By Dave Cantor | Published September 2019
In the world of underground curios, Nurse With Wound, a 40-year-old noise project headed by British performer Steven Stapleton, is staggeringly important. The amassed esteem, in part, is predicated on a list of almost-forgotten bands that Stapleton and company included with their first release, Chance Meeting On A Dissecting Table Of A Sewing Machine And An Umbrella.
With the heft of a history textbook, the Nurse With Wound list—which places John Cage and Can alongside Steve Lacy and La Monte Young—is set to be rendered as a series of compilations, breaking down artists by country of origin. Strain, Crack & Break: Music From The Nurse With Wound List, Volume 1 (France) is the program’s opener.
The music on Stapleton’s own 1979 LP moves to capitalize on some combo of musique concrète, free improv and proto-industrial shards of sound. The result isn’t imminently listenable—and apart from a few 1990s collaborations with Stereolab, there isn’t really an entry point for casual listeners. That’s not what any of this is about, though. Instead, it’s the comp’s reified obsessiveness, completionism and the cataloging of a past that otherwise might be utterly obscured to future seekers. The NWW list certainly isn’t an all-encompassing compendium of outsider music, but still takes into consideration a wealth of sounds, pointing toward Stapleton being a pretty curious listener.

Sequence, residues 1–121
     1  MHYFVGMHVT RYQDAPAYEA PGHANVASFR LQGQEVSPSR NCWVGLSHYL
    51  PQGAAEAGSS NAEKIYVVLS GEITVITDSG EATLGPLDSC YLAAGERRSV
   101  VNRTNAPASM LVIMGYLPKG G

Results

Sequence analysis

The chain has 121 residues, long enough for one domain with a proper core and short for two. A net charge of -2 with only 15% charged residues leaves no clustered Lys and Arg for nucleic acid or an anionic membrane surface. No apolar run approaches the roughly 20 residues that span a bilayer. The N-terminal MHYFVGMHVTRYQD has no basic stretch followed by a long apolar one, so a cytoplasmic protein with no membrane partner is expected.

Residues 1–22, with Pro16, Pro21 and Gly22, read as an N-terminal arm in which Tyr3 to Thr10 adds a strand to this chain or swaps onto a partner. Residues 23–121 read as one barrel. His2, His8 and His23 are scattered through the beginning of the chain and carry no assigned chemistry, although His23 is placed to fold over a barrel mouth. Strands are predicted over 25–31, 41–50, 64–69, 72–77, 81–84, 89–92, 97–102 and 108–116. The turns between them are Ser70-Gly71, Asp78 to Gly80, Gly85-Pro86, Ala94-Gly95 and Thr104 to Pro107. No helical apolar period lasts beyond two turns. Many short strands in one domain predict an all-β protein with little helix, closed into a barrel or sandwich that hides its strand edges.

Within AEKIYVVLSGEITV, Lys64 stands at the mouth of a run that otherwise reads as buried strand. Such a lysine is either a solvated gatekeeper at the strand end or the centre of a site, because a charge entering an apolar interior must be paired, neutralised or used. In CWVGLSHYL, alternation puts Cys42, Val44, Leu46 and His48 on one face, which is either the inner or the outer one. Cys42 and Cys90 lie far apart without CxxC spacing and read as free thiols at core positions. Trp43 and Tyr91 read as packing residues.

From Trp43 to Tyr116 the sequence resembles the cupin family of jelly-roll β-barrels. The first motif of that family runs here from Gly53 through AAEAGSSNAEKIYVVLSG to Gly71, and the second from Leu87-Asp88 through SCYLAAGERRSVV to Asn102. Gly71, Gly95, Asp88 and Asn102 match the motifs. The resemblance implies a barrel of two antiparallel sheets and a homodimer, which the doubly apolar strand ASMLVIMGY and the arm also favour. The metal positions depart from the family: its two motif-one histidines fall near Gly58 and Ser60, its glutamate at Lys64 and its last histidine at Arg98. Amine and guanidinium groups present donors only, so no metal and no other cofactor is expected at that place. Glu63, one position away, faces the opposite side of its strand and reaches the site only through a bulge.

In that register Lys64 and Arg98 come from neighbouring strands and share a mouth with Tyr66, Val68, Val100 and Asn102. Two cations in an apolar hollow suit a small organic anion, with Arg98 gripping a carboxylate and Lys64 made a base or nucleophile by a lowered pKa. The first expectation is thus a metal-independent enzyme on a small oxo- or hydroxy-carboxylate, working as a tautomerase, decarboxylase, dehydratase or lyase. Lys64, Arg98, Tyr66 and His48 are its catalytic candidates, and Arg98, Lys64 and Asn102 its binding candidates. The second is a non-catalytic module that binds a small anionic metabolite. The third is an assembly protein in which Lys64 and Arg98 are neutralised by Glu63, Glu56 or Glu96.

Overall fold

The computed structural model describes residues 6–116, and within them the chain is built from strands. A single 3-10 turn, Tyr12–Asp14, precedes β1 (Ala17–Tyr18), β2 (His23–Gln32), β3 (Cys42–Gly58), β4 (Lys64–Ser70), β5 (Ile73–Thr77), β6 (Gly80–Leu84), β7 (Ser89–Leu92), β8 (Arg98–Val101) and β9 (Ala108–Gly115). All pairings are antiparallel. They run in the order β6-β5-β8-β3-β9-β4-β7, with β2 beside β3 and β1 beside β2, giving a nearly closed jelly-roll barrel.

Jazz drummer Jacques Thollot—who’d done time with Don Cherry, Joachim Kühn, Krzysztof Komeda and others—opens Strain, Crack & Break with a cut from his 1971 solo debut, where he played various keyboards, percussion and electronics. The final third of the track is one of the few moments on the newly devised comp that actually swings. Sputtering synths and cut-up tape follow with offerings from Phillippe Besombes and Pierre Henry, and Horrific Child, Mahjun and Lard Free turn in some reasonably palatable prog. The rest is a miasma of sound, experimentation and skronky self-indulgence, but the good kind. Red Noise’s 15 minutes of juiced-up electric noodling and jocular jazz on “Sarcelles C’est L’Avenir” ranks among the best of what’s here.
Volume two, which focuses on the finer points of German sensationalism, is said to be in the works for 2020; the number of total installments still has yet to be determined. It’s a lot of music by any measure. But thinking to work the NWW list into LP-length projects is both a brilliant step toward the preservation of a disappearing past and an intriguing vantage point to watch Stapleton assess the guidebook he devised for experimentalists.